Nonfiction Design studio

I have just completed a rollercoaster studio ride with the Nonfiction Design studio, a collaboration between Communication Design and Media students. After this experience I am (well and truly) hooked into the integration of design methodologies and methods into professional media production as part of working out how documentary practices can be applied to different contexts. In this studio there was a lot of reference to Human-Centred Design (HCD) (or design thinking more broadly). I plan to explore some of the crossovers that documentary design has with HCD at a later date.

RMIT publicity article “Design and media students making a difference with Lentara”.

The studio was a roaring success with plans by Lentara to implement all of the students’ projects.

The studio, which named itself the ‘Idea Collective’ and part of the book cover shown here brings the collective cross-discipline collaboration together.

Screenshot 2016-06-09 12.35.12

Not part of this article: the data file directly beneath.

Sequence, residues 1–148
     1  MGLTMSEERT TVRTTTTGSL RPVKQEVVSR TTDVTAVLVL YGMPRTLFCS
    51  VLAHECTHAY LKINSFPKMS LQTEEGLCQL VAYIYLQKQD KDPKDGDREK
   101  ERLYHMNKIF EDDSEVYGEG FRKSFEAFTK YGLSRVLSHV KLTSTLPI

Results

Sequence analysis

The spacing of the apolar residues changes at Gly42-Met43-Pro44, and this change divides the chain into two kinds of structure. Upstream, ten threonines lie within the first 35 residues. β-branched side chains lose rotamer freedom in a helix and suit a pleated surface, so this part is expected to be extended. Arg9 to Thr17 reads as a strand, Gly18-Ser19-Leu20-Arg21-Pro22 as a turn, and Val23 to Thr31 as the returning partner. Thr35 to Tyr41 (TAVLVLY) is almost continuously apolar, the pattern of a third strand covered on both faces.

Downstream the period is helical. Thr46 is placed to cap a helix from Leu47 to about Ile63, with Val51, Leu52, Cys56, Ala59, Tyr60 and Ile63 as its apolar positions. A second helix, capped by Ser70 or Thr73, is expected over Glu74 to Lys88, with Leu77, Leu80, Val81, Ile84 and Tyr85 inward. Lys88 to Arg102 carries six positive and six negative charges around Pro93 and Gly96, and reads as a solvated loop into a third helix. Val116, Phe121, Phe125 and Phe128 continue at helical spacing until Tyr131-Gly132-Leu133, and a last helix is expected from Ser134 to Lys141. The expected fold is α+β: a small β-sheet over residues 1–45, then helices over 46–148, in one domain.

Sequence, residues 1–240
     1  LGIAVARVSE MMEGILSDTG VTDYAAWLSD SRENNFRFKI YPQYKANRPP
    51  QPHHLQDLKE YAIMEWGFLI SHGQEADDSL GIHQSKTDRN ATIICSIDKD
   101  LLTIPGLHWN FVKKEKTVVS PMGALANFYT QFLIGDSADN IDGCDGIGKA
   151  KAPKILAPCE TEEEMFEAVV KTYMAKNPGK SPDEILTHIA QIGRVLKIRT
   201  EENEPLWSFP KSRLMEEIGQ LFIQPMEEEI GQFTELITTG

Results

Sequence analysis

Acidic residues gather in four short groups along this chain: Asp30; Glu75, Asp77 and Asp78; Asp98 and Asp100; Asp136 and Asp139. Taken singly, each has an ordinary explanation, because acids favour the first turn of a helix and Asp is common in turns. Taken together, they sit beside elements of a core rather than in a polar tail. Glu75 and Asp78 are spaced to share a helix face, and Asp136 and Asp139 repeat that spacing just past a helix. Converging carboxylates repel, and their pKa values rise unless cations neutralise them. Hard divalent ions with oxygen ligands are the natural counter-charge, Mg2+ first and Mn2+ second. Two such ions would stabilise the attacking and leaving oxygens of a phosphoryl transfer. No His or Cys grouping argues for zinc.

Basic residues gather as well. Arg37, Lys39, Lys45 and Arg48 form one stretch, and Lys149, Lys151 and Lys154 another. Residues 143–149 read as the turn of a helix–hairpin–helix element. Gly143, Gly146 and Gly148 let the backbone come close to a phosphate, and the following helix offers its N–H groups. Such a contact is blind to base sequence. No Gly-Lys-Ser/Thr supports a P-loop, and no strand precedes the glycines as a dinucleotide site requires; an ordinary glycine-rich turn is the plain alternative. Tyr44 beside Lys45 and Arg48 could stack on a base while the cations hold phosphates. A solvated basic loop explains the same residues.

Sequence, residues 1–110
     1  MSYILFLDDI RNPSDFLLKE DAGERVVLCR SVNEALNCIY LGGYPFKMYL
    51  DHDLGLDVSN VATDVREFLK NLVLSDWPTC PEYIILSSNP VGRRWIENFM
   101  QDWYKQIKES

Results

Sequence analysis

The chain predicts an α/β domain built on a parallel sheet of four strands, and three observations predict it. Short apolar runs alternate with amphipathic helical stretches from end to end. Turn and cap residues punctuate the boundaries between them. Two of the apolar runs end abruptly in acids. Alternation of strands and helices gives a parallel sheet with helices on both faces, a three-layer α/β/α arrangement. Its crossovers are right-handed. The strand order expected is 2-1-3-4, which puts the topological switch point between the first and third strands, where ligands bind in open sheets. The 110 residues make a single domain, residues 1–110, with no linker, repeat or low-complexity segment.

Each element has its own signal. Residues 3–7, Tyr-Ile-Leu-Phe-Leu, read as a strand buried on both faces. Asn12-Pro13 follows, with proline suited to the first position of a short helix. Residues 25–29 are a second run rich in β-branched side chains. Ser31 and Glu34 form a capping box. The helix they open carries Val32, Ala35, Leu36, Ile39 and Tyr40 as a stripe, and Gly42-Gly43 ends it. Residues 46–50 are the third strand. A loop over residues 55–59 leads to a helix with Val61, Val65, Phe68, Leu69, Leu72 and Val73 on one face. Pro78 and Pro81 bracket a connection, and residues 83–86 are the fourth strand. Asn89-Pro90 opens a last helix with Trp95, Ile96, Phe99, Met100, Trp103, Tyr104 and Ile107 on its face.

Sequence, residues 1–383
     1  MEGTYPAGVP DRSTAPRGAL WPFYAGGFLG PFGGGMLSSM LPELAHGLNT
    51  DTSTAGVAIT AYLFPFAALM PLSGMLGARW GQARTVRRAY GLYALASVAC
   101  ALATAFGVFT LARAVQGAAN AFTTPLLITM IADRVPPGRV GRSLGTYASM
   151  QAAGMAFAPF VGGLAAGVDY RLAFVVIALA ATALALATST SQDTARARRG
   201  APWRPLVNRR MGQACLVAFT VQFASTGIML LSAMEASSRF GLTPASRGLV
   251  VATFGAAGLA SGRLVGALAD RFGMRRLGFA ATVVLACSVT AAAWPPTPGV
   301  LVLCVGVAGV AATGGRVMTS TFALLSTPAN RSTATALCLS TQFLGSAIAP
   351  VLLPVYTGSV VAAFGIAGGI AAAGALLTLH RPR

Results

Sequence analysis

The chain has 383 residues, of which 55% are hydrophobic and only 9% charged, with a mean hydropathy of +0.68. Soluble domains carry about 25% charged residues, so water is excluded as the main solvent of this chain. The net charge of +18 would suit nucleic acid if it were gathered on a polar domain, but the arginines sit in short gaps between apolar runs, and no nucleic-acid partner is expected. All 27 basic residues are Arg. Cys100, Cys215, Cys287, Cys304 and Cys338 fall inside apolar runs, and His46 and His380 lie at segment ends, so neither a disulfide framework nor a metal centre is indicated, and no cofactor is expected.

Overview text about from the book produced on the studio:

In semester 1 of 2016, the Communication Design and Media Programs in the School of Media and Communication at RMIT University were presented with the opportunity to collaborate with the not-for-profit ‘Lentara United Care’, known as ‘Lentara’ a community services organisation affiliated to the United Church, Australia. Lentara was looking for new ways to communicate the social service work they do to their volunteers, supporters and the public.

The industry partnership with Lentara was established from a studio model of teaching and learning, which aims to foster interdisciplinary and real-world engagement with industry practices. In this studio titled ‘Nonfiction Design’ there was an opportunity to explore how the two disciplines of Communication Design and Media could work together. The envisioned outcomes from this interdisciplinary collaboration was some prototype ideas that mixed together graphic design, advertising, branding, film, television, radio and new media practices.

The collaboration with Lentara went through three distinct phases over a 12 week period, which was set around the establishment of six project groups working on: Asylum Seeker Housing, United Women, Men’s Shed, a Shower Bus initiative, Recycled Clothing and the Lentara Winter Appeal. The first phase involved project groups liaising with the client to clarify a creative brief and carrying out global research. In the second phase, studio participants worked towards presenting several concepts to Lentara. Feedback from these presentations was then used in the final phase to develop ideas into working prototypes.